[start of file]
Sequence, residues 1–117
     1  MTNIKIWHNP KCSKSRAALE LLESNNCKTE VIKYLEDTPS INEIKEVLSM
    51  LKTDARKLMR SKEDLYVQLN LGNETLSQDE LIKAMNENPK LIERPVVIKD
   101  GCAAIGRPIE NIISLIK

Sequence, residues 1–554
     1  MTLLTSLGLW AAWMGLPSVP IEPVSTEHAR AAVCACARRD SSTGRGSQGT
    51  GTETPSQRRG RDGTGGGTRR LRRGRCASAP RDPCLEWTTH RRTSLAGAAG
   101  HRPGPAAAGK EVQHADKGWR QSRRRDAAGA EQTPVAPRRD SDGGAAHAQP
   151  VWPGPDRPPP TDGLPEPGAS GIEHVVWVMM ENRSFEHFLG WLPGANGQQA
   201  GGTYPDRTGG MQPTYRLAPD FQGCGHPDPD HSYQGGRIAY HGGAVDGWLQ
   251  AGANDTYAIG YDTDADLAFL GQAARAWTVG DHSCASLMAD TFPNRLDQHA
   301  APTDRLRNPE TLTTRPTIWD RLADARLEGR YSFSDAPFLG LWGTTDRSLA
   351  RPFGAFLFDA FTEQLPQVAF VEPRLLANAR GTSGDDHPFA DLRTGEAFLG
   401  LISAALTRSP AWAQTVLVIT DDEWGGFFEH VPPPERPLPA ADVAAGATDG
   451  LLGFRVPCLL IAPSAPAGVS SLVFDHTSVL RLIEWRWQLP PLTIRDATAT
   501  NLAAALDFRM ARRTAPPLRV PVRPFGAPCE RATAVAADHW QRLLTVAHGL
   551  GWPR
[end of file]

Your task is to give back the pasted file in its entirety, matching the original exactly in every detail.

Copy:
Sequence, residues 1–117
     1  MTNIKIWHNP KCSKSRAALE LLESNNCKTE VIKYLEDTPS INEIKEVLSM
    51  LKTDARKLMR SKEDLYVQLN LGNETLSQDE LIKAMNENPK LIERPVVIKD
   101  GCAAIGRPIE NIISLIK

Sequence, residues 1–554
     1  MTLLTSLGLW AAWMGLPSVP IEPVSTEHAR AAVCACARRD SSTGRGSQGT
    51  GTETPSQRRG RDGTGGGTRR LRRGRCASAP RDPCLEWTTH RRTSLAGAAG
   101  HRPGPAAAGK EVQHADKGWR QSRRRDAAGA EQTPVAPRRD SDGGAAHAQP
   151  VWPGPDRPPP TDGLPEPGAS GIEHVVWVMM ENRSFEHFLG WLPGANGQQA
   201  GGTYPDRTGG MQPTYRLAPD FQGCGHPDPD HSYQGGRIAY HGGAVDGWLQ
   251  AGANDTYAIG YDTDADLAFL GQAARAWTVG DHSCASLMAD TFPNRLDQHA
   301  APTDRLRNPE TLTTRPTIWD RLADARLEGR YSFSDAPFLG LWGTTDRSLA
   351  RPFGAFLFDA FTEQLPQVAF VEPRLLANAR GTSGDDHPFA DLRTGEAFLG
   401  LISAALTRSP AWAQTVLVIT DDEWGGFFEH VPPPERPLPA ADVAAGATDG
   451  LLGFRVPCLL IAPSAPAGVS SLVFDHTSVL RLIEWRWQLP PLTIRDATAT
   501  NLAAALDFRM ARRTAPPLRV PVRPFGAPCE RATAVAADHW QRLLTVAHGL
   551  GWPR